If you want to level up your fixturing ability, you can remove the spoilboard and bolt your material directly to the T-slots in the Bantam Tools Desktop PCB Milling Machine’s T-slot bed.
Because bolts are much stronger and more rigid than other methods of attaching the material to the machine bed, there's less vibration in the workpiece. Less vibration means you can mill faster, achieve greater precision and nicer surface finishes, and increase the life of your cutting tools. Pretty awesome! The trade-off is that it takes longer to set up and there are more steps involved. This is an advanced guide that assumes you already have some experience using the milling machine.
The first thing is get acquainted with the Y-bed dimensions (scroll down to the Y-bed section).
The most important things to know:
- The slots are 20 mm (0.787") apart and 5 mm (0.197") wide.
- You need to use M5 bolts and low-profile M5 nuts.
- The slots descend 7 mm – 9 mm (0.276" – 0.384") into the Y-bed, so the shafts of your bolts need to be that much longer than the thickness of your material. You can use washers to take up any extra length.
If you’re planning to mill something that you’ve already modeled in a CAD program, it’s pretty simple to add holes around your model. For extra precision and alignment, download the STEP file of the Y-bed and import that into your CAD program. Then generate toolpaths for the bolt holes, and you’re ready to go.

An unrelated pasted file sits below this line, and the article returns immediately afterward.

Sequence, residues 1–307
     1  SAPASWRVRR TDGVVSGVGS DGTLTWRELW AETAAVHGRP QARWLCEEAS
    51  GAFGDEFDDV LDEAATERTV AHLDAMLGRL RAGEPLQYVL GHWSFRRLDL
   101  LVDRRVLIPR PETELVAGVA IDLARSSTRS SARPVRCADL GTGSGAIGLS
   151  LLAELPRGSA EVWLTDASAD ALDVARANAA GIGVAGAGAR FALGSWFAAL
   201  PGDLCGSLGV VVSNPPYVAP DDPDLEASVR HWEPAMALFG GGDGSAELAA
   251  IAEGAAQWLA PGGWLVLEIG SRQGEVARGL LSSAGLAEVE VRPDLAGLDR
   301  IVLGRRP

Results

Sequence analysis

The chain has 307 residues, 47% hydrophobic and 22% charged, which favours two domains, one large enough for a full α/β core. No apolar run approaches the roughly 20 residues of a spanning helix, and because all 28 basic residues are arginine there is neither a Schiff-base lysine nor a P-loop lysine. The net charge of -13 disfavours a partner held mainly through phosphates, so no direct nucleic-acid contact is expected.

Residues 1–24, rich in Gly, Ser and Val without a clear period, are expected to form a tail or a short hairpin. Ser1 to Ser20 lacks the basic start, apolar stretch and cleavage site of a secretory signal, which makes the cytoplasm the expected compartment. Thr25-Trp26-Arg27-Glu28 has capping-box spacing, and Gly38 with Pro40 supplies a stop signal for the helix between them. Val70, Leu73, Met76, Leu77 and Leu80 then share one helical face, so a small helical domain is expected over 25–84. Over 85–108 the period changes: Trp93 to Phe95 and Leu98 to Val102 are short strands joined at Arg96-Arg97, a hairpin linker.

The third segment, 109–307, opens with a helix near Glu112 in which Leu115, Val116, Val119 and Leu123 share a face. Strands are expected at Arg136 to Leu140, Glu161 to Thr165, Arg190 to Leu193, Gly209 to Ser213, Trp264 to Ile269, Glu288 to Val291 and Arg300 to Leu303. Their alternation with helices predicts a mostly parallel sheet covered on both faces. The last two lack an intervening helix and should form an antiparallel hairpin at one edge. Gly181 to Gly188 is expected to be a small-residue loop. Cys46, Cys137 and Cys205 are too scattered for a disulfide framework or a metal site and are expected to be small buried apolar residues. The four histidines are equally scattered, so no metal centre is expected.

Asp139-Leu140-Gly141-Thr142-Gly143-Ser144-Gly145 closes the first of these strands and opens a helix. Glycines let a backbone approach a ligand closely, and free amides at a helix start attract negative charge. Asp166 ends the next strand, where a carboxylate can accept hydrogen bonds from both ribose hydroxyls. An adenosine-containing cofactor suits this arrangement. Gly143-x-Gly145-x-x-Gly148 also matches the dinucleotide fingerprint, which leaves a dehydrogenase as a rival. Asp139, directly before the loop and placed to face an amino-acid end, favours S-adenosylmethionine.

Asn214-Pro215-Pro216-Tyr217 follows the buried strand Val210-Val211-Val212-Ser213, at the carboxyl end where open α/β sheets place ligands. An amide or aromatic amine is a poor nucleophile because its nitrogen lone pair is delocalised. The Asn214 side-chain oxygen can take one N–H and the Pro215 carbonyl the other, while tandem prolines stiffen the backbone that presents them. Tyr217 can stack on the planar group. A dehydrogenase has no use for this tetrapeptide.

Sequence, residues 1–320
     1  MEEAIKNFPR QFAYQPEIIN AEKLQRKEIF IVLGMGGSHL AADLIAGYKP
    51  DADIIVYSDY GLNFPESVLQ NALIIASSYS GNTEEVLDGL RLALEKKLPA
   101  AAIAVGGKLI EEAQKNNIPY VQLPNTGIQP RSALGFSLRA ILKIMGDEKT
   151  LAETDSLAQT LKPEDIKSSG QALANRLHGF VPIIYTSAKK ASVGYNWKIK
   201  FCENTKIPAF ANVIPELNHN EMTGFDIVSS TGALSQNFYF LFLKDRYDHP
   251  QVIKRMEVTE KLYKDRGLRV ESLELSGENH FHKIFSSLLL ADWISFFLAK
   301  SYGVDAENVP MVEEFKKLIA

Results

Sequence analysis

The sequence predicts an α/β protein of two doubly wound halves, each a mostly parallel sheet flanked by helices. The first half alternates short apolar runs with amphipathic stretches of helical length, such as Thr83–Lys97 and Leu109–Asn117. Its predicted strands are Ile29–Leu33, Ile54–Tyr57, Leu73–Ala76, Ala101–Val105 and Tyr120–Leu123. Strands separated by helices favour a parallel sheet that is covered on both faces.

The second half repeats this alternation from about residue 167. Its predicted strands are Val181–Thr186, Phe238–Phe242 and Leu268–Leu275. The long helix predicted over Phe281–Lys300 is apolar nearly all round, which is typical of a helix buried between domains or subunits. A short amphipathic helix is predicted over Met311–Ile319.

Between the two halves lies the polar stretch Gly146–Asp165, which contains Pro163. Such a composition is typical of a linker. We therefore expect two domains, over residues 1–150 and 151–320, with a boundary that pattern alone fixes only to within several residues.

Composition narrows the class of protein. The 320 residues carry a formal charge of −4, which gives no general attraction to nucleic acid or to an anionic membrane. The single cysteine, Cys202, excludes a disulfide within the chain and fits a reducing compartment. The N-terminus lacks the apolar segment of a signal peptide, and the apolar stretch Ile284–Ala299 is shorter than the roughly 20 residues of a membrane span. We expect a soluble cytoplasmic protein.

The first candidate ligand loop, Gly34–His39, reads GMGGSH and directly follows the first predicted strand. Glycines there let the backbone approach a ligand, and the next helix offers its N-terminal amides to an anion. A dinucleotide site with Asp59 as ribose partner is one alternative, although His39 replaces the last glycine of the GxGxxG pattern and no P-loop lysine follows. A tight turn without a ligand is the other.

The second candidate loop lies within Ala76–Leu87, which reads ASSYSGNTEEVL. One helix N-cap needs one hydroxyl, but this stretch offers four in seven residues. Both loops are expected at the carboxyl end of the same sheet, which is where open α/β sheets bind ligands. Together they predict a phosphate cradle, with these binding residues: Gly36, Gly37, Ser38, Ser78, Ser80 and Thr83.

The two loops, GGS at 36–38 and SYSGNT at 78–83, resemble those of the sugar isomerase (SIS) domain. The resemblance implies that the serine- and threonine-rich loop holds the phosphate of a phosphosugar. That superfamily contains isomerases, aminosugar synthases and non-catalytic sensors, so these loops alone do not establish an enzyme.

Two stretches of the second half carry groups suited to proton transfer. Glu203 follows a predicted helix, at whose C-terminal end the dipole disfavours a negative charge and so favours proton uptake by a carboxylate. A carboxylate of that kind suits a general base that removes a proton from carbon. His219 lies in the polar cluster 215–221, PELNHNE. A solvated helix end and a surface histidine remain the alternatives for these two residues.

If you’re planning to mill something that isn’t modeled in CAD, such as an SVG file, you’ll need to make an additional SVG file for the bolt holes. Depending on the size of your material, make between two and four 5 mm solid circles that are 20 mm, 40 mm, or 60 mm apart vertically. Here’s an SVG file for 5"x4" material, which you can right-click to download and use.
If you’re using Fusion 360, use this handy F3D file and customize it to your liking. It has fancy counterbore toolpaths already generated, so your bolts will be flush with the surface. If you’re not using Fusion 360, here’s a STEP file without the toolpaths.
Here’s what the F3D file looks like:
Once you have toolpaths or an SVG file for the bolt holes:
- Use a 2.5 mm hex key to remove the four screws from the spoilboard. Note that while the spoilboard will still appear in the software, you can locate a tool from the surface of the T-slot bed, and your parts should mill correctly.
- Remove the spoilboard from the machine.
- Attach your material to the Y-bed with high-strength double-sided tape.
- Mill the bolt holes in your material with a 1/8" flat endmill.
- Detach the material from the Y-bed and remove any tape.
- Insert low-profile M5 nuts into the slots in the Y-bed.
- Stick M5 bolts through the holes in your material.
- Place your material on the bed and thread the bolts into the nuts.
- Tighten the bolts securely.
Note: Be aware that the software doesn’t know where your bolts are. To make sure it doesn’t accidentally run the cutting tool into your bolts, we recommend making your material size larger in the software, such that it encompasses the area taken up by the bolts. An even better idea is to counterbore your holes so the bolt heads lie flush with the material surface.